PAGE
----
This May, 2019, urban educators from around the nation traveled to Kansas and New York where they learned the principles of STEM (Science, Technology, Engineering, and Math) through the “On The Farm” experience.
Pioneered by the American Farm Bureau Foundation for Agriculture (AFBFA), contractor to the Beef Checkoff, the On The Farm STEM experience offers a first-hand look at beef production. It brings educators together with ranchers, researchers and veterinarians to see how they apply STEM concepts in the beef industry every day. The program’s goal is to increase participants’ agricultural knowledge and encourage them to better connect STEM with agriculture in their classrooms and curriculums. Over the past three years, AFBFA has engaged more than 200 education leaders, including those from the top 10 urban school districts in the nation.
“Prior to this On The Farm experience, I would have never thought to use hands-on STEM connected to agriculture, but now, I see immediate applications to tie what I’ve learned into science classrooms.” – Jennifer Mayo, Portland Public Schools.
As generations of consumers become further and further removed from agriculture, the need and demand for these experiences continues to grow. This is especially true in urban school districts, such as Los Angeles Unified School District (CA), Broward County School District (FL), Portland Public Schools (OR) and New York City Department of Education.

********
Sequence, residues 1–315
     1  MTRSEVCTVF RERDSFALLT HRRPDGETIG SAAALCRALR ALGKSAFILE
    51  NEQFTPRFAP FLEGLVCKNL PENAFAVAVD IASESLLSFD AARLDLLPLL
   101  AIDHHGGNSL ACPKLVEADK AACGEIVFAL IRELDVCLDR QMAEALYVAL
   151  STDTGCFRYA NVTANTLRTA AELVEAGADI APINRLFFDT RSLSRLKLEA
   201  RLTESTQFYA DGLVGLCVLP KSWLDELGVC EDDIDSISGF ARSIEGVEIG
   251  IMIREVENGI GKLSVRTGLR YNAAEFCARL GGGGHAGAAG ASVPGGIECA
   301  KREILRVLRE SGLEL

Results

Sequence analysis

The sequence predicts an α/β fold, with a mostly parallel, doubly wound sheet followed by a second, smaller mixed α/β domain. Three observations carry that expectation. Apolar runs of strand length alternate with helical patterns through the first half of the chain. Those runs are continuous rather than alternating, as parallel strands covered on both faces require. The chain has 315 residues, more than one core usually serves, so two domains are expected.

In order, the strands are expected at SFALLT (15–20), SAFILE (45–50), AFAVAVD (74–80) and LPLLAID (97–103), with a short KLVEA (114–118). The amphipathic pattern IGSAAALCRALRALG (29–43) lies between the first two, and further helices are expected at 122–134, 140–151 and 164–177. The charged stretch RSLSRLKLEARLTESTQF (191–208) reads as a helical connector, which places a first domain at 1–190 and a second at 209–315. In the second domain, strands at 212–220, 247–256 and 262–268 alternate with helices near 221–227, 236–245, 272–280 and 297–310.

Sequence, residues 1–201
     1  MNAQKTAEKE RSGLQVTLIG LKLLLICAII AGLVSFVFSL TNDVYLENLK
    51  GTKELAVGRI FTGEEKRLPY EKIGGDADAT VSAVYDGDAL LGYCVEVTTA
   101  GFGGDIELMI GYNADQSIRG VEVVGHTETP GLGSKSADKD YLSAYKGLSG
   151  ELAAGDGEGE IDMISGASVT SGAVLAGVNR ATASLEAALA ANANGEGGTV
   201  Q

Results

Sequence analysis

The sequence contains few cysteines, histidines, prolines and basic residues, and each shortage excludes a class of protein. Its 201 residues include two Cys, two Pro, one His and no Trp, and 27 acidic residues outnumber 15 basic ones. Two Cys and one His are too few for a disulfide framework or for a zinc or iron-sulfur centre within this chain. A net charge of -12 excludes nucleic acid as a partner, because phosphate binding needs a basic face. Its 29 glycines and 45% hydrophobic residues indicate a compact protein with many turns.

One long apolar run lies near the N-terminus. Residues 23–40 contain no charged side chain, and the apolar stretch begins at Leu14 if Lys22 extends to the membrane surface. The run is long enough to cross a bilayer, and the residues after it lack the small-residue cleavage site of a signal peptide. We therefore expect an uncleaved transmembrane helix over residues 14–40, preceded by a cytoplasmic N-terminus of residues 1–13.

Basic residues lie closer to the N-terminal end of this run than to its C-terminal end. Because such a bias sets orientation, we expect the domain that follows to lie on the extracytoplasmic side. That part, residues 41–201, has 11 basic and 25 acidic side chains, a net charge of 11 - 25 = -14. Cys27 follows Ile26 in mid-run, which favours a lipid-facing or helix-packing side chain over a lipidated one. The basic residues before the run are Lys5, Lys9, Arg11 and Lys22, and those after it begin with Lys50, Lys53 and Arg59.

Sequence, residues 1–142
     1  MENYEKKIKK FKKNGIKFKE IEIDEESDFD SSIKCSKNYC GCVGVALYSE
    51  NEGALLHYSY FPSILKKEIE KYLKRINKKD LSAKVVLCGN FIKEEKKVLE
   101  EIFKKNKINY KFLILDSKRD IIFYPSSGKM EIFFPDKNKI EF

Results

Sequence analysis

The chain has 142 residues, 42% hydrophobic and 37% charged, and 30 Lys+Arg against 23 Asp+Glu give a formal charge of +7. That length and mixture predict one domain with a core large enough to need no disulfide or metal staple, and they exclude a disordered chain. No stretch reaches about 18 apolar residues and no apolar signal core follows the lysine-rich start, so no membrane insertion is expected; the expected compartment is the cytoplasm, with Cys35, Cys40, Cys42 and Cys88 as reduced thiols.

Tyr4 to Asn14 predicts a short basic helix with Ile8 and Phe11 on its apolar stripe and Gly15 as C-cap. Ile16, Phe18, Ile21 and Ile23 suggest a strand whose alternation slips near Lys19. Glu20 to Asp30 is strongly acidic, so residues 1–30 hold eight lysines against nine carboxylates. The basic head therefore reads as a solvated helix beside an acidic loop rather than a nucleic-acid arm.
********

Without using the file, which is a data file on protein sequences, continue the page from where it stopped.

By investing checkoff dollars toward programs like the On The Farm STEM experience, beef producers are able to educate participants about the food system – resulting in a stronger pasture-to-plate connection.
These national events are moving the needle by enhancing beef perception and intent to consume while also increasing exposure to state programming. Pre- and post-event assessments administered to On The Farm participants indicated major changes in their perceptions of beef after attending the event.
The Beef Checkoff program was established as part of the 1985 Farm Bill. The checkoff assesses $1 per head on the sale of live domestic and imported cattle, in addition to a comparable assessment on imported beef and beef products. States may retain up to 50 cents on the dollar and forward the other 50 cents per head to the Cattlemen’s Beef Promotion and Research Board, which administers the national checkoff program, subject to USDA approval.